Duty of care is a good and necessary thing but in practice can make it very hard for those who can best help you to actually help you unless it is under specific circumstances, such as in a patient-practitioner only private consultation. Anything outside of a formal consult setting is very difficult. Let me give you an example. Say you have a question about an injury and you are not sure how to go about it. You tag me, other health professional friends, people you know have had similar issues in your Facebook post asking for help. Here’s what happens for me to try and help you: because I have duty of care to anyone I interact with on a topic that I’m an expert on, even though you are not officially my patient, even though it’s just a casual social media post, I have a duty of care to you. So to answer your tag, I first write a lengthy disclaimer stating that without having seen and assessed you in person, I can only share general information; I then try to list all possible scenarios to cover all bases that could apply to you without knowing the specifics; I then make numerous urges that you really should go and see a professional yourself, and finally I will get to share the relevant info on the subject matter. And by the time it’s been drafted, it is re-read, scrutinised, re-read, and scrutinised again. The next you know, an hour (minimum) is gone! When I finally post a reply, there will be a couple of questions that ensue and you repeat this whole process again. Why not ignore these ensuing questions? Because of duty of care! And I also personally think it’s rude to ignore them. In the effort to make replying to these tags for help more efficient I’ve even made “standard replies” in my Evernote app!

Why did I go to such lengths? Because I really want to help you, that’s why health professionals become health professionals to start with, to help. But as you can see, this is an impractical and unsustainable practice. However, for someone who’s not a qualified health professional, they can say whatever they want without any worry about losing their license to practise, they don’t have to worry about facing disciplinary actions if you should follow their suggestions and get hurt. Nothing happens because there’re no rules and regulations that apply to a non-health professional. From what we have seen in recent times, this has inflated egos and emboldened some to be increasingly outrageous in their opinions thus creating confusion about health and endangering the safety of you and your family.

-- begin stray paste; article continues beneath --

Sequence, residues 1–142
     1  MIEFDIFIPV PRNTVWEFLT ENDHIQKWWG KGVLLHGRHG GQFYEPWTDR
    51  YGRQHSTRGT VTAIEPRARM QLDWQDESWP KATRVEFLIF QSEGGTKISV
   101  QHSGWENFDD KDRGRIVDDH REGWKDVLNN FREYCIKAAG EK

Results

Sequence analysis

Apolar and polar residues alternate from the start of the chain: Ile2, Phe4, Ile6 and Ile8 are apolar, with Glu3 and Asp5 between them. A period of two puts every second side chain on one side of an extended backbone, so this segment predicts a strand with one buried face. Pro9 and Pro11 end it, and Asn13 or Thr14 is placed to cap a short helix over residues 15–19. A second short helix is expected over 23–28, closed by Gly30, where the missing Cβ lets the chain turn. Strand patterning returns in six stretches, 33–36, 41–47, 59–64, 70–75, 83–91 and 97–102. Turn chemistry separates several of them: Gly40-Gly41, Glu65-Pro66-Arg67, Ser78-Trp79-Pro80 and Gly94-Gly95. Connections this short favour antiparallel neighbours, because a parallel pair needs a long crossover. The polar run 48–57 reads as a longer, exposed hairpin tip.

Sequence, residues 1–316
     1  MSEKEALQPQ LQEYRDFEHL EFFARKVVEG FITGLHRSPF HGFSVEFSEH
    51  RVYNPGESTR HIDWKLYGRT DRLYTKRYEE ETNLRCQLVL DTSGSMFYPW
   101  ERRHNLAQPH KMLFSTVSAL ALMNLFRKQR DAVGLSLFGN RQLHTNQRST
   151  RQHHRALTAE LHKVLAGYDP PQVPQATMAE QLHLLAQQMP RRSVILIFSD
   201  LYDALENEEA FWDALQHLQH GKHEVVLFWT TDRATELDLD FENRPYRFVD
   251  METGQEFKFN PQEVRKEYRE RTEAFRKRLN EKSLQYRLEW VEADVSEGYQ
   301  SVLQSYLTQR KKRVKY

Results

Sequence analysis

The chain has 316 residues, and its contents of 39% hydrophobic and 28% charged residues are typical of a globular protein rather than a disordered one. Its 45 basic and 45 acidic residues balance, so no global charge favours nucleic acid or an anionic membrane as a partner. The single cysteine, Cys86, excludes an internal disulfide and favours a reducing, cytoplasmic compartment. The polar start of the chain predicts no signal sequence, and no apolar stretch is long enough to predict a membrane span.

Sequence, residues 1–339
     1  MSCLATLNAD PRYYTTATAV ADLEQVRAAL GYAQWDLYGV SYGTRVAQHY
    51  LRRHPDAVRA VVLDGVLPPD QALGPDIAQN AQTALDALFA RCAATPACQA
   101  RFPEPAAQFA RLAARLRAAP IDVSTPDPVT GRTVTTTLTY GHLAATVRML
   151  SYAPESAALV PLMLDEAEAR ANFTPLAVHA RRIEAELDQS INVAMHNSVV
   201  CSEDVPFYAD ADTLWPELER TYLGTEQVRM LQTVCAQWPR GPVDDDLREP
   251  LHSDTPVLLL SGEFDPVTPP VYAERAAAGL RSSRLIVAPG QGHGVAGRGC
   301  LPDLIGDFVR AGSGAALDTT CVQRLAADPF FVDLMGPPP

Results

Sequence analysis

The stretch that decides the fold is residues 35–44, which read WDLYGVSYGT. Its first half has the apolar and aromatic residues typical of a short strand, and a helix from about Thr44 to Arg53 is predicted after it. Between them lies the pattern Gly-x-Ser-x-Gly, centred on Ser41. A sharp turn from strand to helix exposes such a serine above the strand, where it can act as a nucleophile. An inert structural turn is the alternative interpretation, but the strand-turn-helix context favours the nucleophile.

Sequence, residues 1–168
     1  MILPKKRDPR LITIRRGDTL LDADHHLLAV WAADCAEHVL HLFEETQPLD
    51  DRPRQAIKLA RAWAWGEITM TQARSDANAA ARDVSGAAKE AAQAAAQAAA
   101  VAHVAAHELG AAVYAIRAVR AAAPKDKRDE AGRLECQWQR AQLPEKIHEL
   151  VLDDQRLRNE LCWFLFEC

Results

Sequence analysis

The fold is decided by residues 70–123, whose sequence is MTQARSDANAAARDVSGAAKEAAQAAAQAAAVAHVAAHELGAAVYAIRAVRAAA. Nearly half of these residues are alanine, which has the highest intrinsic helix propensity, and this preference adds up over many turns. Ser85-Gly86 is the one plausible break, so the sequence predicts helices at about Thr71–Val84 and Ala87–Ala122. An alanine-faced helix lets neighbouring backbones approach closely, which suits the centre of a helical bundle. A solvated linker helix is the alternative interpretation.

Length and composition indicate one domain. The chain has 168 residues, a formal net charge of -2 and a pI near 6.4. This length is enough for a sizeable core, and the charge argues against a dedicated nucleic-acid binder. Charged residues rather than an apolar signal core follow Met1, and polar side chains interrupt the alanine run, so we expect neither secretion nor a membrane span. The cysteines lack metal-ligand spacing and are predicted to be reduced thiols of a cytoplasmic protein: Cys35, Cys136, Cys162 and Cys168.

So yes, this is a problem, a huge problem. 

” 3 easy steps to help you scrutinise any opinion.

What can you do to protect yourself? How do you tell the expert opinion from a general opinion? Here’re a few things you can do, in fact, this is a good way to scrutinise any opinion, whether health related or not.

  1. Ask yourself “Who is this person telling me this and what is their qualification?” – People who have papers and letters will let you know, see that B. Phty in my signature below? It’s there for a reason. I also urge my fellow health professionals to do the same as best practice.
 
  1. Ask yourself “Does this person set to gain anything from endorsing this opinion?” – Instagram recently made it essential for any paid partnership posts to be labelled as such and it is a most welcomed change to improve transparency.
 
  1. Do your own research, learn from credible sources, form your own opinion. – Use government sites, university sites, and sites maintained by qualified health professionals. Remember, just because something comes up at the top of a Google search, does not make it legit.
I know this is a lot of work but remember, we health professionals are here to help you. We may not have the perfect hair, a shiny designer outfit or a gorgeously curated IG account, but we have a brain-load of knowledge, years of experiences, and a keen heart to help so ask us questions, send us a DM, get in touch! Yes, my hands are somewhat tied but it will not stop me from doing my flaming best to fight the good fight against misinformation.
 
 
’Til next time, Be Free In Your Movement™.
 
x
Selina
B. Phty
Views are my own.

Selina Tannenberg

Selina is a singer-composer-physiotherapist based in Brisbane, Australia. She is the director of MoveMedics and its sister brands: Voice Physio & Pole Physio. She is passionate about dispelling misinformation, simplifying healthcare, and empowering people with evidence-based knowledge for healthy and pain-free living. She enjoys running, attempting handstands, and publishes music under her nom de plume, Asirus.